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Series VI: Manuscripts
At a Glance
This collection is arranged into 12 series.
Scope and Content
Correspondence, manuscripts, addresses, documents and printed materials. Correspondents include: Milton Friedman, Samuel S. Wilks, Nathan Pusey, William Proxmire, Helen M. Walker, Ray Lyman Wilbur, Alfred Cowles, 3d and Ragnar Frisch. The papers also include biographical, teaching and research materials; publications and drafts of articles and books including his study, "The Teaching of Statistics," and materials on the concept of "Hotelling's Generalized T."
Using the Collection
Rare Book and Manuscript Library
Restrictions on Access
This collection is located off-site. You will need to request this material at least three business days in advance to use the collection in the Rare Book and Manuscript Library reading room.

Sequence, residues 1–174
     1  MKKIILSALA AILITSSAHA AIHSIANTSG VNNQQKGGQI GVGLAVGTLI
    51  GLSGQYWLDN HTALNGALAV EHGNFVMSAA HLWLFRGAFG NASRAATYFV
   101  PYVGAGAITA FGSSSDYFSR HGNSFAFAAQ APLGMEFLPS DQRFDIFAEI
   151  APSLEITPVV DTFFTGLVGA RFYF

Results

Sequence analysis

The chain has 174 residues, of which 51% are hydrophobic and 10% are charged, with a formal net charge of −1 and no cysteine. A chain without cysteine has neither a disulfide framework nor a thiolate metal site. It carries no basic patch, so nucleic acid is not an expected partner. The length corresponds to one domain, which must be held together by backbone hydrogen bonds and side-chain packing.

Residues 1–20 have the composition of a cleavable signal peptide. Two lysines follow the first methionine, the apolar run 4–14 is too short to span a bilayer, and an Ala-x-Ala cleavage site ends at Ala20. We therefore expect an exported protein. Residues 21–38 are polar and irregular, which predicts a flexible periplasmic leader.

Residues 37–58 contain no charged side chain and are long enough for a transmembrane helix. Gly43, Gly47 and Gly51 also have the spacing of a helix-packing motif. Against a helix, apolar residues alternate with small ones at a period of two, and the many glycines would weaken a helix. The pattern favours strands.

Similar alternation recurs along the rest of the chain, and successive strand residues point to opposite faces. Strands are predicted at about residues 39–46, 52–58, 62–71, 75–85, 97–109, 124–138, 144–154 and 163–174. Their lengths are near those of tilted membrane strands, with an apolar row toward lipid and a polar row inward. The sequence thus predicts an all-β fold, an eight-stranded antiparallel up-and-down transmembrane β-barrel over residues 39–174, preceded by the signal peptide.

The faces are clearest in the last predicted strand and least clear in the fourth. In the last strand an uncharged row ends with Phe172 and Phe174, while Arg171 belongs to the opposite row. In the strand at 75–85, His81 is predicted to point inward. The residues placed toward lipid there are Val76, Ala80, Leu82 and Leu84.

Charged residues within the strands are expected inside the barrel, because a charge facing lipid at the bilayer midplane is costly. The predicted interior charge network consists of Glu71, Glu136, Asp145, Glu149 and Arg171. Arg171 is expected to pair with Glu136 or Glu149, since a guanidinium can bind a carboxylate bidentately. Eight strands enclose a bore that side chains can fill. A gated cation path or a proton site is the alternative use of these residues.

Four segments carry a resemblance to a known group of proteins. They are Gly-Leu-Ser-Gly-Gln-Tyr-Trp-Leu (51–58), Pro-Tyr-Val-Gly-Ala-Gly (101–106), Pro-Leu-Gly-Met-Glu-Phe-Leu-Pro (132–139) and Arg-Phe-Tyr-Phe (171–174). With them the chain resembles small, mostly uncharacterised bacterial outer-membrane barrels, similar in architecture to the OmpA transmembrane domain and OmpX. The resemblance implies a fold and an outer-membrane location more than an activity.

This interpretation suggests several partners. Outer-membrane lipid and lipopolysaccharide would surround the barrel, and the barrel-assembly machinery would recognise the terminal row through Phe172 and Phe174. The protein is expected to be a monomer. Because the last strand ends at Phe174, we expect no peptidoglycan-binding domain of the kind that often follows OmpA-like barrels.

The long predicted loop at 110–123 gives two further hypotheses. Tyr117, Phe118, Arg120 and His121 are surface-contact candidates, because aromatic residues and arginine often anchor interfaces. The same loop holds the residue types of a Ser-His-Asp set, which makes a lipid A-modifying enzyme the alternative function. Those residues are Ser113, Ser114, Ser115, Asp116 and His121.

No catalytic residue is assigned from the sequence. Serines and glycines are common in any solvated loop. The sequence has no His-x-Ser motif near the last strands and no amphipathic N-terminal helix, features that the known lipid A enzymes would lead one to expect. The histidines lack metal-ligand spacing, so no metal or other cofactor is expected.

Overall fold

This collection has no restrictions.
Terms Governing Use and Reproduction
Single photocopies may be made for research purposes. The RBML maintains ownership of the physical material only. Copyright remains with the creator and his/her heirs. The responsibility to secure copyright permission rests with the patron.
Identification of specific item; Date (if known); Harold Hotelling papers; Box and Folder; Rare Book and Manuscript Library, Columbia University Library.
Ownership and Custodial History
Gift of Mrs. Harold Hotelling, 1985.
About the Finding Aid / Processing Information
Columbia University Libraries, Rare Book and Manuscript Library
Papers Processed JCA/AR 1985.
2010-02-11 Legacy finding aid created from Pro Cite.
2019-05-20 EAD was imported spring 2019 as part of the ArchivesSpace Phase II migration.
History / Biographical Note
Harold Hotelling, 1895-1973, mathematical statistician and mathematical economist, taught at Columbia University from 1931 until he left in 1946 to establish the Institute of Statistics at the University of North Carolina at Chapel Hill. During the Second World War Hotelling did research in Columbia University's Statistical Research Group. Later he was involved in research for the Office of Naval Research at Chapel Hill. He was active in many professional organizations, especially the Institute of Mathematical Statistics.